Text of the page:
In this clip, photographer Eirik Johnson discusses the spirit of his series Sawdust Mountain, and explains how he tried to convey the way he sees “the relationship changing” between industries based on natural resources in the Northwest and the communities they created in a time of economic decline when these communities have to adjust. Johnson touches on his process from making the work to the sequencing of the photographs in order to tell a story, and how he tries to convey a beauty from these industry sites and a “tonal palette and mood” throughout the series.
A culmination of four years photographing throughout Oregon, Washington, and Northern California, Eirik Johnson: Sawdust Mountain focuses on the tenuous relationship between industries reliant upon natural resources and the communities they support. Timber and salmon are the bedrock of a regional Northwest identity, but the environmental impact of these industries is increasingly at odds with the contemporary ideal of sustainability. The exhibition and accompanying Aperture book of the same title reveal a landscape imbued with an uncertain future—no longer the region of boomtowns built upon the riches of massive old growth forests. The exhibition, curated by Elizabeth A. Brown, Chief Curator, Henry Art Gallery, Seattle, is on view at Aperture Gallery in New York through June 10, 2010.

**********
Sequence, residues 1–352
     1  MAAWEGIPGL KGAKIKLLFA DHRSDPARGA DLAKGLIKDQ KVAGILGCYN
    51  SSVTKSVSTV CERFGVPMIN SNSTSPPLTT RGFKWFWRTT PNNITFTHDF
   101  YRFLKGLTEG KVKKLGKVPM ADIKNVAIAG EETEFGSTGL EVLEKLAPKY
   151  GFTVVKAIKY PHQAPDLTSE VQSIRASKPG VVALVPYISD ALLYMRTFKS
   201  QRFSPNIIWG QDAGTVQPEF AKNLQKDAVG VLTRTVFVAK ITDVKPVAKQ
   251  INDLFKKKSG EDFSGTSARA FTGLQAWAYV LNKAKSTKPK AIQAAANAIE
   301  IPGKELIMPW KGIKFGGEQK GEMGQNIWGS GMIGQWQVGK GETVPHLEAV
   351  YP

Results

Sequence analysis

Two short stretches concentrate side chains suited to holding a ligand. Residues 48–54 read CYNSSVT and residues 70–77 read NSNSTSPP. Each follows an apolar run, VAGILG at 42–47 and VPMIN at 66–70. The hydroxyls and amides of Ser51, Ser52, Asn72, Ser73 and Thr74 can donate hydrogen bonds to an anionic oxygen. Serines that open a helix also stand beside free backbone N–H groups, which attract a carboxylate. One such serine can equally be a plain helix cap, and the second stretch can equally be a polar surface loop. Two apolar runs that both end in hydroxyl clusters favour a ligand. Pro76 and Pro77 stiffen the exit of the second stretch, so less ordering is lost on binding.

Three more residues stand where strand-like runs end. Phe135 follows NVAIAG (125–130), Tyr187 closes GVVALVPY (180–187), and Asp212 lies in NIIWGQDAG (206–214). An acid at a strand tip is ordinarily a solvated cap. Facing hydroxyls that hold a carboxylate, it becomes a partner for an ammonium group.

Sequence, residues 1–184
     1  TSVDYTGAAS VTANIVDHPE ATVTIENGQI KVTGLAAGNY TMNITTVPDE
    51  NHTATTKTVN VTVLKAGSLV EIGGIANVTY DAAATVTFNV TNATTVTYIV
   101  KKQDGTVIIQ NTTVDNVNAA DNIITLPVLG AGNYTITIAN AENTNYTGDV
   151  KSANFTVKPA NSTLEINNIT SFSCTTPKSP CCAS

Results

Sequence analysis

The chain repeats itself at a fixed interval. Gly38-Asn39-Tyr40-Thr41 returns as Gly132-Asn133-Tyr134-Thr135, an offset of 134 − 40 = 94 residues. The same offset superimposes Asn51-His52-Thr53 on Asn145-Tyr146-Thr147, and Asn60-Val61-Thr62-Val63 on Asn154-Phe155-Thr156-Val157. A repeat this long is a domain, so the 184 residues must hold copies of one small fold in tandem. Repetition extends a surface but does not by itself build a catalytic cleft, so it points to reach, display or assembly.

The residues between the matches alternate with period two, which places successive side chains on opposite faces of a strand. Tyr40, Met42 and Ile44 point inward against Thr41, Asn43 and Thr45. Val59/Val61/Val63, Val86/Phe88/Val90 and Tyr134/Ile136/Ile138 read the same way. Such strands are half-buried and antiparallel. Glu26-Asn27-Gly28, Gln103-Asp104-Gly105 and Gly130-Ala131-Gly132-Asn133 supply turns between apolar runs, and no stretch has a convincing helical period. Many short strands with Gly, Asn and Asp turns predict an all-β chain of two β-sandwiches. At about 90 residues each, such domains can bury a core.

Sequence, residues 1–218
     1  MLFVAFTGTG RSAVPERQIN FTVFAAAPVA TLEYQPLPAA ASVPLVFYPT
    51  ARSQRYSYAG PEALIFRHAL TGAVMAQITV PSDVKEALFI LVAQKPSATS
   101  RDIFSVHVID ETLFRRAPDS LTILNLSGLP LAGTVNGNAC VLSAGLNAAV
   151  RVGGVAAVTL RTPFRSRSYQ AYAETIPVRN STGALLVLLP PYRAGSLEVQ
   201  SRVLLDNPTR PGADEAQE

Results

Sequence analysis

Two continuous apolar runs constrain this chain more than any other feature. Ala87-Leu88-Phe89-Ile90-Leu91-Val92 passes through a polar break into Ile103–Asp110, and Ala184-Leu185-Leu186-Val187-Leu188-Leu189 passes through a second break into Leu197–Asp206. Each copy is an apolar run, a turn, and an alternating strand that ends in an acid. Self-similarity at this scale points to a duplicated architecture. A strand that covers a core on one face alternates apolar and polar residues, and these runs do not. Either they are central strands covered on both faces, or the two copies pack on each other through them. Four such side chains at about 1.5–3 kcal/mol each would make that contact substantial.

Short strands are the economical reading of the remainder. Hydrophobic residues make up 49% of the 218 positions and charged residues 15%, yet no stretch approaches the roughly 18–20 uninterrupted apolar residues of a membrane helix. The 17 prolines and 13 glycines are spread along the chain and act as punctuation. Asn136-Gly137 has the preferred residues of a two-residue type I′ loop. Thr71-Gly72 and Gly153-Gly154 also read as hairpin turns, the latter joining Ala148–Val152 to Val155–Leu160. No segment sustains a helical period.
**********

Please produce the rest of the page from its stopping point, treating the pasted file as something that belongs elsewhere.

Eirik Johnson’s (born in Seattle, 1974) work has been exhibited at venues such as the Museum of Contemporary Photography, Chicago, and George Eastman House, Rochester, New York. He has received several awards, including the Santa Fe Prize (2005) and a William J. Fulbright Grant to travel to Peru (1999–2000). His work is held in the collections of the Museum of Contemporary Photography, Chicago; National Fulbright Foundation; and Joseph and Elaine Monsen. His first monograph, Borderlands, was published in 2005. Johnson is represented by G. Gibson Gallery, Seattle, and Rena Bransten Gallery, San Francisco; he is an assistant professor of photography at Massachusetts College of Art and Design in Boston, where he resides.